A student at the University of Nebraska when the United States entered the war, Orville Alfred Ralston was sent to Canada for training with the Royal Flying Corps on 5 July 1917. He was commissioned a first lieutenant on 7 November 1917 and sent to Fort Worth, Texas as an instructor with the 17th Aero Squadron on 7 November 1917. In early 1918 Ralston was sent to England to complete his training and ferry aircraft between England and France. He was eventually posted to 85 Squadron with three other American pilots and scored his first 2 victories flying the S.E.5a in Edward Mannock's flight. By September 1918, he was reassigned to the 148th Aero where he scored 3 more victories flying the Sopwith Camel. During the war, Ralston was mentioned in dispatches four times, logged 230 hours of flying on the Western Front, dropped 84 bombs and fired 3,500 rounds of machine gun ammunition.
Ralston was called back into service with the United States Army Air Corp during WWII. He was killed in a B-17 plane crash in Musselshell, Montana in 1942.
Omaha World Herald, Omaha, Nebraska, Sunday, 4 April 1971, page 164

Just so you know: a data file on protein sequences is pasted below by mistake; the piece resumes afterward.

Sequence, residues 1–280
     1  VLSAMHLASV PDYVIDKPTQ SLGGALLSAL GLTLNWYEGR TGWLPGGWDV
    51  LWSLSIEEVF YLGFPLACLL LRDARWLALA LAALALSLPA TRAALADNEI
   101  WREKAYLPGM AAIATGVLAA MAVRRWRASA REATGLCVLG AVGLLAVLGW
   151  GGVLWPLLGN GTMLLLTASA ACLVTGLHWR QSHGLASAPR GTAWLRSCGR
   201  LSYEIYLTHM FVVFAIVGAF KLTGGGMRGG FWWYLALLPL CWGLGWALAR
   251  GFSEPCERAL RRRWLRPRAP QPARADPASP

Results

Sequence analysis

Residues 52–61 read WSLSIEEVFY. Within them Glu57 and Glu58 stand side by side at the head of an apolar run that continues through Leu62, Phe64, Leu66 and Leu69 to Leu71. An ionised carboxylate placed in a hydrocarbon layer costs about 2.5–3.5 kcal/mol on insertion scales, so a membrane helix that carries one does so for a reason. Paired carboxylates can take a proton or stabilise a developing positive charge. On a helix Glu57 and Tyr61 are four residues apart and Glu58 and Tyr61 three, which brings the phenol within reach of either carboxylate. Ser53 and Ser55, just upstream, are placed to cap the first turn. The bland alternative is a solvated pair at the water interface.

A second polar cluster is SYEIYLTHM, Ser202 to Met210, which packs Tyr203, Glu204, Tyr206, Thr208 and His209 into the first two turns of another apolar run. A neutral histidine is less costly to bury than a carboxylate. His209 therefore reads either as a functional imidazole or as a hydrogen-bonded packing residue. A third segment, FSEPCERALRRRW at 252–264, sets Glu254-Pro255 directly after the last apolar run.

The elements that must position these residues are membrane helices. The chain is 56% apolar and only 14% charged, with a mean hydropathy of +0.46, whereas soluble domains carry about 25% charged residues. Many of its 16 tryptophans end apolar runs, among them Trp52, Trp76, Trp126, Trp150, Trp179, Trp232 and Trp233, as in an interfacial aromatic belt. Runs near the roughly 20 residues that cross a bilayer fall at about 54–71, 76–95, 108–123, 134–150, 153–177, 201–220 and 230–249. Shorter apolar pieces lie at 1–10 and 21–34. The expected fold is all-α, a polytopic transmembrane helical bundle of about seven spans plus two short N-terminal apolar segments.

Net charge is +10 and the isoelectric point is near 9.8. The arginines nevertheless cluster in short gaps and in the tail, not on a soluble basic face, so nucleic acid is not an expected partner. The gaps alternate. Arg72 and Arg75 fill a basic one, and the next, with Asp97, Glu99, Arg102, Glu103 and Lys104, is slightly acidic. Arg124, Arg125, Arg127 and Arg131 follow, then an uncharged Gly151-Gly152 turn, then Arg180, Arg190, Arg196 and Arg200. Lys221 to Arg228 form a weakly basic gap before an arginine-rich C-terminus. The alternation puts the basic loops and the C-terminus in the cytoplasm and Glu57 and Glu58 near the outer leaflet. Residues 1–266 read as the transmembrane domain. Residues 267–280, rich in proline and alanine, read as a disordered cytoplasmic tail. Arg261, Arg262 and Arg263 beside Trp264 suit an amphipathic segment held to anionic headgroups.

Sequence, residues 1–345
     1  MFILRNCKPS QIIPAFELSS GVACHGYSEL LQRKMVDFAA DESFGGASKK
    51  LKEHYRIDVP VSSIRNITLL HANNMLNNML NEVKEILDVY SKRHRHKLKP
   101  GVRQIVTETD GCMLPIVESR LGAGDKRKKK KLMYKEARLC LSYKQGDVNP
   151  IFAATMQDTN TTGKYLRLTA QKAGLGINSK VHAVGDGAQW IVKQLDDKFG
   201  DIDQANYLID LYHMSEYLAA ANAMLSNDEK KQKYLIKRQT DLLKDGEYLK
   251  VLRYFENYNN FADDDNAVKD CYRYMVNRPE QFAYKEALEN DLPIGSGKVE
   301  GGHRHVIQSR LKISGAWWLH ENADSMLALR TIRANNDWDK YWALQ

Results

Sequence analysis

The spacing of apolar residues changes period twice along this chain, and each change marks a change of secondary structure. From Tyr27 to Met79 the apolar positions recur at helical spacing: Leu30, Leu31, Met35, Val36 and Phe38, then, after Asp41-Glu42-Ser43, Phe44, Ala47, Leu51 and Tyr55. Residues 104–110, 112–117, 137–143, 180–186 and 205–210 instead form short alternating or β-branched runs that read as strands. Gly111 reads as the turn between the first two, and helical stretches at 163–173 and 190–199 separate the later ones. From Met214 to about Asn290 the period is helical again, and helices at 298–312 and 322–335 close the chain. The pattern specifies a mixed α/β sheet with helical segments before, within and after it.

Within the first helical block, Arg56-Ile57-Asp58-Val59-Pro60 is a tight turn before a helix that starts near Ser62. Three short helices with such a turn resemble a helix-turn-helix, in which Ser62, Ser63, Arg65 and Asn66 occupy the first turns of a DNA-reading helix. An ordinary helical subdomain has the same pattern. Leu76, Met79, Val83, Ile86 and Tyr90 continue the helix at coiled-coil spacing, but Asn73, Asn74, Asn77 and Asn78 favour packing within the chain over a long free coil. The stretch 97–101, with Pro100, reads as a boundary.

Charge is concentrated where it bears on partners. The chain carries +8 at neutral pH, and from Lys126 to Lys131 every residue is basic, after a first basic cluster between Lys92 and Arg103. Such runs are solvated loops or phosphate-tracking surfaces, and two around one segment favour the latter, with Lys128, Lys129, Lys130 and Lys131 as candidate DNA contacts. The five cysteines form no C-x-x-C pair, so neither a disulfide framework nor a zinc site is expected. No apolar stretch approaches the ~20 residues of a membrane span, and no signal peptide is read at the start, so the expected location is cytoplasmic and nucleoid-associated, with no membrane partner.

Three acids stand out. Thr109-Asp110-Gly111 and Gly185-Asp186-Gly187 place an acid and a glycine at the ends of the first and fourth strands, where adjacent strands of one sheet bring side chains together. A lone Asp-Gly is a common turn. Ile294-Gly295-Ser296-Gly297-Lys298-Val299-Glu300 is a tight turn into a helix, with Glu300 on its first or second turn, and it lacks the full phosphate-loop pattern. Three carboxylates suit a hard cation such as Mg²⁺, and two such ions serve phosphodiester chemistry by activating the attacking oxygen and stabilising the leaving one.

Omaha World Herald, Omaha, Nebraska, Sunday, 4 April 1971, page 165
Omaha World Herald, Omaha, Nebraska, Sunday, 4 April 1971, page 166
Distinguished Service Cross (DSC)
The Distinguished Service Cross is presented to Orville Alfred Ralston, First Lieutenant (Air Service), U.S. Army, for extraordinary heroism in action over Bourion Wood, September 26, 1918. Having engine trouble, Lieutenant Ralston signaled his flight commander, left his formation, and started for the lines. Shortly afterwards his engine picked up and he decided to rejoin his formation. He found three of them engaged with seven Fokker biplanes over Bourion Wood. Seeing that one of our machines was hard pressed and in distress, Lieutenant Ralston instantly went to its assistance and drove one Fokker down into the clouds below. He followed directly behind the enemy machine and, as they came out of the clouds at a height of 3,000 feet, opened fire again on this Fokker at 15 yards range. The enemy machine made one complete spiral and crashed northeast of Bourion Wood. Four more Fokkers now attacked Lieutenant Ralston, but he managed to get back in the clouds and return safely to our lines, as did the rest of his flight.